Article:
Different universities have different ways of dealing with honor code violations. Despite this, the process is typically initiated when a student or faculty member reports a person for violating an honor code to the school officials. The university then brings the allegations before an honor council. The council is generally made up of students, professors, and a non-voting faculty adviser.

In practice, if you’re charged with an honor code violation, you may not be given immediate access to the written charges leveled against you. Neither will the authorities give you the documents backing up the allegations. This can hinder you from adequately preparing a defense. 

If that happens, you should nonetheless read the school’s policies and gather witnesses and documents for your defense. You can also choose to hire a lawyer to defend you, although not all universities allow lawyers in the disciplinary proceedings. In such situations, the lawyer can act in an advisory capacity.

How To Prepare A Defense Against Honor Code Violation Charges

When preparing a defense against an honor code violation charge, here’s a list of things you need to do at the very least:

  • Read the written policies regulating the university’s honor code and honor council
  • Get a copy of all the information the university is basing the violation charge on
  • Note possible witnesses
  • Examine every possible justification for the alleged violation
  • Hire an experienced student defense attorney to help you understand the likely questions the honor council may ask, and prepare how best to answer them
  • Research how the honor council works in practice and not just in theory
  • Request for the exact procedures that comply with due process

Contact DC Student Defense Today

Being accused of an honor code violation can have a significantly negative and long-lasting effect on a student. It’s even worse if you are recalled by your university after graduating to face an honor code violation charge. It could end in you losing not just your degree but your job as well. Avoid these problems by contacting DC Student Defense today to help you with your case if you’ve been accused of an honor code violation.

These materials have been prepared by Cohen Seglias for informational purposes only and are not intended and should not be construed as legal advice.

Shan Wu

Author Shan Wu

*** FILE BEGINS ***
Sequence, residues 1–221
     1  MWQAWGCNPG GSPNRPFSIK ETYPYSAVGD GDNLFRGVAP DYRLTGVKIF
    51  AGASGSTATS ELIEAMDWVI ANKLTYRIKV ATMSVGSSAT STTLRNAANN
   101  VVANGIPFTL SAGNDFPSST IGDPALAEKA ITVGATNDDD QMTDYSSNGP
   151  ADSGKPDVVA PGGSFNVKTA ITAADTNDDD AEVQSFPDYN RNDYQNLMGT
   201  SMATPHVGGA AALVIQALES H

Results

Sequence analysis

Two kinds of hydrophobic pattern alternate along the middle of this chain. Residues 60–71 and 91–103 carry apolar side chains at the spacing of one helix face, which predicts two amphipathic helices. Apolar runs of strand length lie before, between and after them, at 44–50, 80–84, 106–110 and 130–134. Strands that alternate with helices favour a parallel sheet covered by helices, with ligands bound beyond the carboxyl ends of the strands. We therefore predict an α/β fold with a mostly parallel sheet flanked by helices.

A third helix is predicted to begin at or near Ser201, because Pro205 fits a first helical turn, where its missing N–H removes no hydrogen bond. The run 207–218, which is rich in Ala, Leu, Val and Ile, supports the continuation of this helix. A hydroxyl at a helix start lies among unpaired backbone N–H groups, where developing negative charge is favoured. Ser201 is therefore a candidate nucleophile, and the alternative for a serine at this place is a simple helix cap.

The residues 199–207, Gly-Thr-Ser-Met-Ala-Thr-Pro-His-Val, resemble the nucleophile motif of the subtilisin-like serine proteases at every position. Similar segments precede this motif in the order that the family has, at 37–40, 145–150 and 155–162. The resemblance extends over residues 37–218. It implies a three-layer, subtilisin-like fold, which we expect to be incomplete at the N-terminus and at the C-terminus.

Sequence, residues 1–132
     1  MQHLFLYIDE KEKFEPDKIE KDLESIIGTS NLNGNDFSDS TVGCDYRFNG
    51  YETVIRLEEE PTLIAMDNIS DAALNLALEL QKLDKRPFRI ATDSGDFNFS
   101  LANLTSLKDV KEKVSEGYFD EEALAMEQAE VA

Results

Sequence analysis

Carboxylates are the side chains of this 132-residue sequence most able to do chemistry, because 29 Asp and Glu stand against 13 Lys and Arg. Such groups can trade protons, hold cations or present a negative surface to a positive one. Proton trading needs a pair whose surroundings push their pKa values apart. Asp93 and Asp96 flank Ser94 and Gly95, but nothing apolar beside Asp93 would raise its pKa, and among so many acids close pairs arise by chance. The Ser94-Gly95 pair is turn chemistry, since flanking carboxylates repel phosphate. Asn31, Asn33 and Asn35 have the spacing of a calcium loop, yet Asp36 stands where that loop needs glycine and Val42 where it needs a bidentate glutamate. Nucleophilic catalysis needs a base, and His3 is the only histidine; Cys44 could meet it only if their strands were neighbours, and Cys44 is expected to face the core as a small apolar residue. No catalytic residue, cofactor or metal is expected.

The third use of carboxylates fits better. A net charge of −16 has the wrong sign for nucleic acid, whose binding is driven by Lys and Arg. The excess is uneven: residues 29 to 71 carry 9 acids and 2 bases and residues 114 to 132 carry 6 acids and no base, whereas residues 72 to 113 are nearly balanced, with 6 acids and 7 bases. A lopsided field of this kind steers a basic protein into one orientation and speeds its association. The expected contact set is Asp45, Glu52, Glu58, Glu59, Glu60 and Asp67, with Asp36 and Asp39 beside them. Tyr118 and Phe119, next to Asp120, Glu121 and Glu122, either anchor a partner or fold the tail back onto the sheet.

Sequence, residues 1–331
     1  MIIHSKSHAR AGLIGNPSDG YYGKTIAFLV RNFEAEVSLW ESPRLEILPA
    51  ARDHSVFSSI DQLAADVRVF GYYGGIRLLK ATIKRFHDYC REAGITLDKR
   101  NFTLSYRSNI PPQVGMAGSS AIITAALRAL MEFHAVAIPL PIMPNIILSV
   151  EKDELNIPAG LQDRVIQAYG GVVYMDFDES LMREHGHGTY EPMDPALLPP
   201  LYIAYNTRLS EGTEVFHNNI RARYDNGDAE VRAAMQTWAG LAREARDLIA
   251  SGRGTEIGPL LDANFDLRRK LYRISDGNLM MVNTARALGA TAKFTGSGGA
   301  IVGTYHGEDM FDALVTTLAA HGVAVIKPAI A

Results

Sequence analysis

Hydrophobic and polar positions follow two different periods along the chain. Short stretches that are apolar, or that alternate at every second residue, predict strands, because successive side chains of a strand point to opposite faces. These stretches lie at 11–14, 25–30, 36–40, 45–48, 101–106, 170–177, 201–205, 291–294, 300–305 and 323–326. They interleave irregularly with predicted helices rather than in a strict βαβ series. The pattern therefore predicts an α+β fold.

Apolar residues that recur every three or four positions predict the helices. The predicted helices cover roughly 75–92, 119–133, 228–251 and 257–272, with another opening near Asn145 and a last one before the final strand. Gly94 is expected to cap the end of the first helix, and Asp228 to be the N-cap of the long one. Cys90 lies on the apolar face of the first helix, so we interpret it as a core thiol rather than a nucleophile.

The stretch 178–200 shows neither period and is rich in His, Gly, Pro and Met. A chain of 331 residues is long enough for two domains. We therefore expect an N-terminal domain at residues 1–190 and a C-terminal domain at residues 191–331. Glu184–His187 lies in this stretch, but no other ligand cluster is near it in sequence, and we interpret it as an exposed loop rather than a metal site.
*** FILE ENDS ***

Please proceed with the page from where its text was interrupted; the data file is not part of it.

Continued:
Shan’s professional and personal background gives him a unique understanding of academic institutions and the criminal justice system. A former federal prosecutor in Washington, D.C., he is at home in D.C. Courts and very familiar with all of the Washington, D.C. law enforcement agencies, especially the Metropolitan Police Department. His parents were university professors so he grew up in a university environment. He understands the mindset of academic institutions. As a prosecutor, he supervised in the misdemeanor crime section. This is the section of the Washington, D.C. prosecutor’s office that handles most college student cases. His understanding of charging decisions and how judges view these cases is invaluable to his student clients and their families. Shan served as a federal prosecutor in the United States Attorney’s Office for the District of Columbia for over ten years. During his tenure there, now Attorney General Eric H. Holder, Jr. appointed him to supervisory positions in the Misdemeanor Trial Section and also in a police corruption task force. His outstanding legal work in the government was recognized through numerous Special Achievement Awards from the Justice Department as well as awards conveyed by law enforcement agencies and community groups. From 1999-2000, Shan served as Counsel to Attorney General Janet Reno, advising her on criminal and civil investigations, E-Gov, E-Commerce (electronic signatures, internet gambling, internet telephony, privacy & public access issues in electronic court filings), congressional oversight, and legislative review. His responsibilities included serving as liaison to the FBI, DEA, Criminal Division, Executive Office of United States Attorneys, National Institute of Justice, and White House Counsel’s Office. Shan serves on the D.C. Bar Association’s Hearing Committee of the Board on Professional Responsibility and is a past president of the Asian Pacific American Bar Association for the Greater Washington, D.C. area. He is a 1988 graduate of Georgetown University Law Center, where he graduated Order of the Barristers, edited two law reviews, and was Co-Director of the Moot Court Program. He holds a B.A. in English Literature from Vassar College as well as a Master’s Degree in Creative Writing from Sarah Lawrence College. Following law school, he clerked for the late Hon. Jerry Buchmeyer, U.S. District Court for the Northern District of Texas, and the late Eugene Wright, U.S. Court of Appeals for the Ninth Circuit. He is admitted to practice law in the District of Columbia and Connecticut.